Plot: What’s it about?
A decade has passed since we last saw Tallahassee, Wichita, Little Rock and Columbus. And in 2009 zombie films weren’t exactly unheard of, but the good ones were few and far between. Zombieland was one of the good ones. No doubt it was due to the eclectic cast, all of whom have continued their successful careers. Emma Stone now has the Best Actress moniker attached to her resume, Eisenberg made a name for himself in films like The Social Network, Now You See Me and Batman vs. Superman: Dawn of Justice. And Woody Harrelson is, well, still Woody – a talented actor who will continue to get meaty roles thrown his way. But sequels have to be bigger, badder and more enjoyable and thus the cast in this one has grown. It’s time to nut up or shut up. Let’s get started.
Ten years have passed since the original and though it’s never outright said, we assume the same amount of time has passed in zombieland. Tallahassee (Woody Harrelson), Columbus (Jesse Eisenberg), Wichita (Emma Stone) and Little Rock (Abigail Breslin) are now living in the White House essentially avoiding zombies. But things aren’t all unicorns and rainbows. Columbus and Wichita are having relationship issues and Little Rock years to be around others her age. There’s also Tallahassee trying to be a bit too overprotective of her. Little Rock runs off with a hippie musician, Berkeley (Avan Jogia) and the others hit the road in search of her.
There’s more, of course, but that’s it in a nutshell. And part of what made the original so fun was the interaction between the four leads. That’s present here as well, but something felt that it was missing. The addition of a few new characters, particularly the doppelgangers, Albuquerque and Flagstaff (Luke Wilson and Thomas Middleditch respectively) and the bubble-headed Madison (Zoey Deutch) add some much-needed comic relief to several scenes. It’s difficult to make lightning strike twice, but Zombieland: Double Tap is nearly as good as its predecessor. And yes, if you stick around long enough, you’ll be graced with Bill. Murray’s presence (in perhaps the greatest end credit sequence ever).
Video: How’s it look?
Sony produces some of the best-looking DVD’s, Blu-ray’s and 4K titles around and this is no exception. The genre might dictate a darker tone, but don’t kid yourself – this is one fine-looking image. The 2.39:1 AVC HD encode positively shines. Detail is exceptional and what really caught me was how much the backgrounds were in focus. It was easy to make out finite details. Contrast is generally strong, black levels were solid and the film exudes a film-like sheen that really gives is a unique look. That and the “rules”, when they show up, have a very 3D like look to them. All in all, no complaints here; as expected.
Audio: How’s it sound?
The DTS HD Master Audio track breathes new life into a few scenes. Vocals are pure and sharp, surrounds abound during selected scenes and the low frequency effects offer some support a few times. Even though this is a “zombie” movie, per se, there isn’t a lot of killing going on. The movie has much more dialogue than the first, but still manages to convey a very dynamic track that’s sure to engage the viewer. No complaints here.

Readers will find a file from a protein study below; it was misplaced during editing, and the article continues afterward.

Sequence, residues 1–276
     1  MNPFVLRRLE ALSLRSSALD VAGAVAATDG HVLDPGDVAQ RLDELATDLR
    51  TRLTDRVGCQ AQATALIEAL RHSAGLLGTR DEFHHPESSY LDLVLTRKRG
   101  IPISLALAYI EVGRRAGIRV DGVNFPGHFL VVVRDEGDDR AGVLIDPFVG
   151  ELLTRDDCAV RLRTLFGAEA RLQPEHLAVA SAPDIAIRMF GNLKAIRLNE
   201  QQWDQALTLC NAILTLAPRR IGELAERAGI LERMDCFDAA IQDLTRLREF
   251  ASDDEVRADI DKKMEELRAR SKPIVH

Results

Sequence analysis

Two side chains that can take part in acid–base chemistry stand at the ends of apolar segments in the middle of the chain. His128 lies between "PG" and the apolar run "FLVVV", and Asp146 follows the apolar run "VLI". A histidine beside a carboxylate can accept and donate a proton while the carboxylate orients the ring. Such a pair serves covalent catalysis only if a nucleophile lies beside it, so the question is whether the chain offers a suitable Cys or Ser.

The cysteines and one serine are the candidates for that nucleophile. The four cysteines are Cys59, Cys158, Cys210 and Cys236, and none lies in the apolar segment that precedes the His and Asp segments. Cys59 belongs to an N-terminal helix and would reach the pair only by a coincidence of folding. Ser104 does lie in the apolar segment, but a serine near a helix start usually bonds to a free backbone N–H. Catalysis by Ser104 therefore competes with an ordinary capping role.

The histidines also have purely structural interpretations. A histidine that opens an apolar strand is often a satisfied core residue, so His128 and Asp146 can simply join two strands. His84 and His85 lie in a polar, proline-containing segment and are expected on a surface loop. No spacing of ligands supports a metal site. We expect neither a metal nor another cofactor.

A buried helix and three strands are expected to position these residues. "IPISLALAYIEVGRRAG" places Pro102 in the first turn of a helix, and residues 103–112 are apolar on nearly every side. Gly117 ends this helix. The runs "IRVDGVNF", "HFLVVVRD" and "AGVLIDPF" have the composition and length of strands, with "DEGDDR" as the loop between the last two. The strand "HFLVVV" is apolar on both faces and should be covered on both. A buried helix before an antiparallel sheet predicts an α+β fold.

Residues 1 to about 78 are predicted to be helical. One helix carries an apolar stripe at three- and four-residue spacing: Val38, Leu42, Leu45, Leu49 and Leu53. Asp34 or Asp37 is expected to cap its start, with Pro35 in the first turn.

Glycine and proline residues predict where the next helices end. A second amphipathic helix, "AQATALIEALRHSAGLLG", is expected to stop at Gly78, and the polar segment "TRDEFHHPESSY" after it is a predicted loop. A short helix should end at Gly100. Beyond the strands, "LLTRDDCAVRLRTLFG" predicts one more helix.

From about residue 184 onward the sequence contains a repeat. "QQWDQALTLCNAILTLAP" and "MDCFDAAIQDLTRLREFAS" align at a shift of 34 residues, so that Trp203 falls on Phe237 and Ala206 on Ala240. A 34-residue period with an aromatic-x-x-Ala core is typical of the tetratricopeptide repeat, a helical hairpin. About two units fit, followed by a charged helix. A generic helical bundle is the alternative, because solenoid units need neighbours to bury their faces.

Supplements: What are the extras?
- Audio Commentary – Director Ruben Fleischer’s comments are somewhat similar to those in the first film (and why not, it’s essentially the same)! He talks of making the sequel, how to make it different, the returning cast and the decade it’s been since the original. It’s a good track and fans should enjoy it.
- Deleted Scenes – Some of the footage left on the cutting room floor, though none offer too much in regard to the overall plot.
- The Beast is Gone
- Van Ride
- Would of Never Met
- In Bed
- Breakfast at Babylon
- Car Ride
- Melting Gun
- There’s a Party Tonight
- Alternate Proposal
- Behind the Scenes – A series of short vignettes that tie into the film.
- Extended Bloopers – Surviving the zombie apocalypse isn’t as fun as filming the movie. Step onto the set and laugh your brains out with this gag reel!
- The Doppelgangers – From stunts to special effects, this in-depth piece breaks down doppelgangers Flagstaff and Albuquerque and comes complete with interviews, demonstrations and multiple cameras to snag all the action in their wild scenes.
- A Day with Bill Murray – Watch Bill Murray work his magic on the set. This is, essentially, a behind the scenes look at the mid-credits sequence.
- The Rides of Zombieland – From “The Beast” to “Big Fat Death”, this focuses on the rides (cars) that get the main characters around Z-land.
- Rules of Making a Zombie Film – It takes a lot of rules and a lot of people to make one!
- Making Babylon – We explore the climactic third act location. Part fortress, part freshman dormitory, Babylon is the safe-place for a generation of misguided peace-loving retro-hippies.
- New Blood – A look at the new additions to the cast which include Rosario Dawson, Zoey Deutch and Avan Jogia.
- Zombieland Ad Council – A mock commercial for the film highlighting Rule #7. Visit ready.gov for more.
The Bottom Line
Zombieland: Double Tap falls just short of what I loved about the first one. The sense of discovery is gone, but it’s an entertaining film nonetheless. The same characters and interactions are there and I loved the (albeit brief) scene with the doppelgangers. Sony’s disc, per usual, serves up reference-quality video and audio and the extras are robust enough to warrant a purchase.